Edit the unattend file as needed to match your drive layout. It is currently set to use R, S, T, and X drives so read carefully. The file works only for SQL 2008 R2, but SQL 2008 and SQL 2012 are similar enough that some simple editing can make them work. The key here is that you can read the file to see how to properly layout the files and options in advance.

SQL 2012 replaces PCUSOURCE and CUSOURCE with what it calls Product Updates. Differences are detailed at http://www.mnscug.org/blogs/brian-mason/176-installing-sql-2012-with-a-configuration-file.

Setting some limits

SQL will be happy to eat all the memory on a server leaving nothing for the OS, base applications, or CM. So you need to limit it. Simply open SQL Server Management Studio (SMSS) and right-click on your server to view properties, and navigate to Memory. Because CM12 is all x64, leave AWE alone. But you do want to enter a maximum server memory here. Leave the OS with 2 GB, (your base apps could vary, but 1-2 GB should suffice,) and leave CM with 4 GB. Add all that and subtract it from the server's total memory and enter that number here. Note that a CAS requires 8 GB minimum to be dedicated to SQL (anyone choosing to use a CAS is likely to use 16 GB or more anyway).

Transaction logs have been known to grow to consume the entire drive and when that happens, everything stops as nothing can be committed to SQL until first written to the transaction log. A fair limit would be 15 percent less than the entire free space of the drive. See step 5 in SQL file layout for where to do this.

SQL file layout

With SQL installed, it now has to be configured to make the best use of the processors on the server. Use more than one file for the SQL database. The rule of thumb is to use as many files as there are physical processing cores.

  1. From the Microsoft SQL Server Management Studio (SMSS), right-click on your CM database and choose Properties. Go to Files and then click on the Add button.

  2. If you had eight cores and two drives for the SQL database (R and S), you would add four files to R and three more to S (assuming you initially installed SQL to S).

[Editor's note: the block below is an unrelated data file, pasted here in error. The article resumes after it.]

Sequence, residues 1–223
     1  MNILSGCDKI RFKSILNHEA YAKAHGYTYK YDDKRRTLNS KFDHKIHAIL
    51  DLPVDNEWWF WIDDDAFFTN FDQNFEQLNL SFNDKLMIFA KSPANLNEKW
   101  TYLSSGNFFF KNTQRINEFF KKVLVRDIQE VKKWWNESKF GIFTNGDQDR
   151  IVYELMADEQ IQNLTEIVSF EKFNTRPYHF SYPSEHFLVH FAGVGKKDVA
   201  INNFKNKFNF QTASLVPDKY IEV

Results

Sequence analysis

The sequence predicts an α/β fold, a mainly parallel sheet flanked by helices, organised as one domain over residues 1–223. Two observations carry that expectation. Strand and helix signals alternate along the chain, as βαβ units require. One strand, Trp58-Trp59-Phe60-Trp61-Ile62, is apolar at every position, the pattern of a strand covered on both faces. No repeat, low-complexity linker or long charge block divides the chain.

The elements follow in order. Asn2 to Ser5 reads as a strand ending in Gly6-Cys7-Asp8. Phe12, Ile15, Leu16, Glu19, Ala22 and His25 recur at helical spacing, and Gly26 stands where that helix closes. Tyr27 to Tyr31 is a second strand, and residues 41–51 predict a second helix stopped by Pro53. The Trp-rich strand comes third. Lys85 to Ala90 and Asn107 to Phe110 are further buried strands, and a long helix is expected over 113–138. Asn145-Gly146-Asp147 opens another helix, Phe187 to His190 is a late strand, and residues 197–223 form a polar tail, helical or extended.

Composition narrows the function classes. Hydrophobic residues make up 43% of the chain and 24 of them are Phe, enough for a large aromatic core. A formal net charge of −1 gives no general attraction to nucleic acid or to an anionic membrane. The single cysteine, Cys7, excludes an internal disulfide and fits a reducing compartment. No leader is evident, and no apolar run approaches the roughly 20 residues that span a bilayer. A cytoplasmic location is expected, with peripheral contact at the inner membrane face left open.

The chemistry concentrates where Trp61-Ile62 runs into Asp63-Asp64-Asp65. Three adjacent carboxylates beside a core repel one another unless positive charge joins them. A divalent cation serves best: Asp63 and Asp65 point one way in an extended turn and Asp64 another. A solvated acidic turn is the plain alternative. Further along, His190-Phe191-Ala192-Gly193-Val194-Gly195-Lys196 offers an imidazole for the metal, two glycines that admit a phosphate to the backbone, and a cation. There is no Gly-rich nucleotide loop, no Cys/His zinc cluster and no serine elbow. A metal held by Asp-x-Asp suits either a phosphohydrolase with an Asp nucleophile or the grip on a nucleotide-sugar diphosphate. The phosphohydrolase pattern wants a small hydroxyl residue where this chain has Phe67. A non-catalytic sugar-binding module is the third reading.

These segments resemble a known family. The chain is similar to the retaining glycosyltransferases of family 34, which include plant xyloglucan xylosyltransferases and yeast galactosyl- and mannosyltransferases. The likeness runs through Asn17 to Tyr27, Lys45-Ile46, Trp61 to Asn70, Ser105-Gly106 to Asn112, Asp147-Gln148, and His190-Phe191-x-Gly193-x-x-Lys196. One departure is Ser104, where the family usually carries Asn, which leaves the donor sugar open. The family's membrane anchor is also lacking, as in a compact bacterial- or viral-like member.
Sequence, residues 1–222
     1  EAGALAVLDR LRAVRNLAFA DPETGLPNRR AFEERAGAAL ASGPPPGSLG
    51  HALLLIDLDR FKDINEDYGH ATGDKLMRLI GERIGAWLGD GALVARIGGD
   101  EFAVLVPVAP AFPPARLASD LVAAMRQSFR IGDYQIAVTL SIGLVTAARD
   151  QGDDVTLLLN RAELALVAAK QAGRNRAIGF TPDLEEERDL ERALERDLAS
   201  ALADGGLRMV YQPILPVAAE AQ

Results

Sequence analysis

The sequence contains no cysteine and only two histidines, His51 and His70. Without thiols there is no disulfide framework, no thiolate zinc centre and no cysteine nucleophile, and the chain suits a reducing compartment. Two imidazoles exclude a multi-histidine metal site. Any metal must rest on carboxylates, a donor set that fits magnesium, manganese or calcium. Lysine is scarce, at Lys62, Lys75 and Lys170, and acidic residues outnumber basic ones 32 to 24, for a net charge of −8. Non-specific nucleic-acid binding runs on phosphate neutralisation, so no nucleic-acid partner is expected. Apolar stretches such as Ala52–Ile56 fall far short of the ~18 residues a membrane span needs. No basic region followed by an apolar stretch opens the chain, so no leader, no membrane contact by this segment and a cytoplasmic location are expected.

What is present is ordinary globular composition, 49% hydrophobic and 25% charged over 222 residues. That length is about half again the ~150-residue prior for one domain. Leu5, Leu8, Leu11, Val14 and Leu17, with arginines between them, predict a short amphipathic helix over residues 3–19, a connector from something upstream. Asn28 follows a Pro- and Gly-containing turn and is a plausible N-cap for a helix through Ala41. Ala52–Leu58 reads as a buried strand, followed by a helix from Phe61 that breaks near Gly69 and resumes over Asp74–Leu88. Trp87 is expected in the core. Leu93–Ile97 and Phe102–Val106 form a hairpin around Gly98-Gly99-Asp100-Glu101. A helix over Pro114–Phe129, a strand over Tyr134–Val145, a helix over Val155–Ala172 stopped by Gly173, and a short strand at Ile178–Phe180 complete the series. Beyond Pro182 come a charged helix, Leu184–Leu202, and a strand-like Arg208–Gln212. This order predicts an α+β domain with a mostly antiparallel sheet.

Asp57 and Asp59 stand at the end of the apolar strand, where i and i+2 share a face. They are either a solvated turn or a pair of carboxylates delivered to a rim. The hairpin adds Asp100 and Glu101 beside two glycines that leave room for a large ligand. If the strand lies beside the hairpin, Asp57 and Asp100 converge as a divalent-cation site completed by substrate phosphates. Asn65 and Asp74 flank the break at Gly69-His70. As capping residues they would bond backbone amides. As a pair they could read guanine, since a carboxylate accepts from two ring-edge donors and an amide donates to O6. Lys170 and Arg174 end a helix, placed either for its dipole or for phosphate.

3. Set the initial size of each file to one-eighth the size of what you expect your entire database size to be.

  4. Set the Autogrowth to 1000 MB.

  5. Set the Autogrowth of the transaction log to 1000 MB. Additionally, restrict the growth of the file to a size that is smaller than the free space on the drive on which it resides.

  6. Click on OK to commit the changes; no need for reboot.

Helping SQL

CM has a maintenance task to rebuild indexes, which is disabled by default. Over time, SQL will slow down as the indexes grow stale.

  1. From the CM admin console, navigate to Administration | Site Configuration | Sites and click on Site Maintenance in the ribbon.

  2. Change the properties of the Rebuild Indexes task to be enabled to Weekly.

  3. Choose a time of day where CM isn't busy. The default of 1 a.m. on Sunday is probably a good choice.

  4. Repeat for all primary sites (and the CAS if you have one).

Additionally, if you have no need to keep data around for 3 months, then help keep the database size smaller by shortening the clean-up tasks from 90 days to something you can live with (perhaps 21 days or 30 days).

Lastly, verify that the recovery model for the CM database is from Full to Simple. Because CM runs backup itself, only its point in time backup can be used to recover the database so you will never recover to some point in time with a full backup. This also keeps the transaction log from having to be backed up. This setting can be found in SMSS by right-clicking on the database, navigating to Options, and selecting the Simple for the Recovery model.